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A Plastic Bag Ban and the Abuse of Power

Newport Daily News journalist Marcia Pobzeznik reports that plastic-bag-ban mania has hit Tiverton, and residents should take note of the futility of the advocacy and the disturbing instincts of elected officials.

Start with the disturbing instincts.  Council member Patricia Hilton, whose suggested response to the scourge of plastic bags comes straight out of George Orwell’s 1984, in which the government unleashes school children as in-the-home spies:

… Councilwoman Patricia Hilton said she has picked up a lot of plastic bags while cleaning Fogland and Grinnell’s beaches, and even sees the tattered bags stuck to tree branches. But before an ordinance is drafted to ban the bags, she said, there needs to be discussions with merchants. She also suggested educating children about the benefits of reusable bags versus single-use plastic bags because they will police their parents.

Hilton apparently believes that government’s providing educational services creates an excellent opportunity to manipulate children into conflict with their parents to advance a cause whenever a handful of elected officials agree with activists that the cause is righteous.  While one would have to research how much class time must be devoted to an issue in order to turn children into a government youth corps, Tiverton parents might rightly wonder whether the school district’s academic results illustrate available slack in the school day.  Just 28% of Tiverton high school students are proficient in math and fewer than half in reading.  Perhaps indoctrination can wait until those results improve.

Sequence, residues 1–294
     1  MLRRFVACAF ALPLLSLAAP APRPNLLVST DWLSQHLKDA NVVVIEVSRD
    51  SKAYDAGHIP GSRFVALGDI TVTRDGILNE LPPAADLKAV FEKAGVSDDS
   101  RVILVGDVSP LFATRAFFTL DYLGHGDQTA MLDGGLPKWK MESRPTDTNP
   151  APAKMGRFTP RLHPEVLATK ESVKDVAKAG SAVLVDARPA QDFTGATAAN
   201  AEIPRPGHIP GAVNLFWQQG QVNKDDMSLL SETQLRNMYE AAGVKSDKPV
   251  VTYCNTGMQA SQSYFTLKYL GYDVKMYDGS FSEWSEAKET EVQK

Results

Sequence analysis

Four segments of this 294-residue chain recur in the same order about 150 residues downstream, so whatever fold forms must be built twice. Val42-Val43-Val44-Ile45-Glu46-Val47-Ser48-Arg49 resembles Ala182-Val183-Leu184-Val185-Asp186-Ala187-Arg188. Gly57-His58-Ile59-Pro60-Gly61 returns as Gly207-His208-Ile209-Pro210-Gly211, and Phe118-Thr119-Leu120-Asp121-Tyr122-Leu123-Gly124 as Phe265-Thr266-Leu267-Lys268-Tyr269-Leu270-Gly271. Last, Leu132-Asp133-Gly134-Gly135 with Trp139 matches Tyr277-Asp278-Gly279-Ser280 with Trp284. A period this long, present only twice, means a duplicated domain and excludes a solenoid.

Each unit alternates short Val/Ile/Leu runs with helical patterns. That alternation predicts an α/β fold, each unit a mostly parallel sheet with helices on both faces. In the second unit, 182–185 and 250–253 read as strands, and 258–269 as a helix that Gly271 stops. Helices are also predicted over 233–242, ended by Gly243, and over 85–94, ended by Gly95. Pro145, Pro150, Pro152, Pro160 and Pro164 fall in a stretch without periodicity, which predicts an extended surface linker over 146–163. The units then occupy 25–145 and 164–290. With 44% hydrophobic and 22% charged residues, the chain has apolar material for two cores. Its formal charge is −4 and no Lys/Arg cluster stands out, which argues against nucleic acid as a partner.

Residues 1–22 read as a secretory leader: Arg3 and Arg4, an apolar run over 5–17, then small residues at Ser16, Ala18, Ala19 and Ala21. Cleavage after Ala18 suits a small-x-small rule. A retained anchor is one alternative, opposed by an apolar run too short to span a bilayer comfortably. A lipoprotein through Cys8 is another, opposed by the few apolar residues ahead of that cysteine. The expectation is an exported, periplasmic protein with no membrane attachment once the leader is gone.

On the other hand, perhaps the school department could seize on the issue to provide practical lessons in math, science, and critical thinking.  Consider this, from bag scold and former Town Council member Bill Gerlach:

According to Gerlach, every year Americans use 100 billion single-use plastic bags, which have an average lifespan of 12 minutes but take 1,000 years to break down in the environment.

One needn’t even get into the question of how activists arrived at these numbers.  (The 12 minute number, for example, seems like it must ignore the car ride home from the store and the repeated uses to which families often put the bags.)  What good would a bag ban in Tiverton do when up to 95% of all plastic pollution in the oceans comes from 10 rivers in Asia and Africa?  And given the town’s minimal commercial property base, what percentage of plastic bags used by residents could possibly come from stores within the council’s reach anyway?

Last night, departing Town Administrator Paul McGreevy warned the Budget Committee about an upcoming wave of spending — from 10% growth in debt spending to a 44% increase in non-police pensions to a 38% increase in the cost of trash pickup.  Perhaps the Town Council should focus on these numbers rather than abusing their authority in order to force businesses in the town to bend for fruitless environmentalism and to indoctrinate school children.


Justin Katz

Justin Katz is a writer and researcher focusing on Rhode Island policy and politics. For more about Justin, see our About page. (401) 835-7156.

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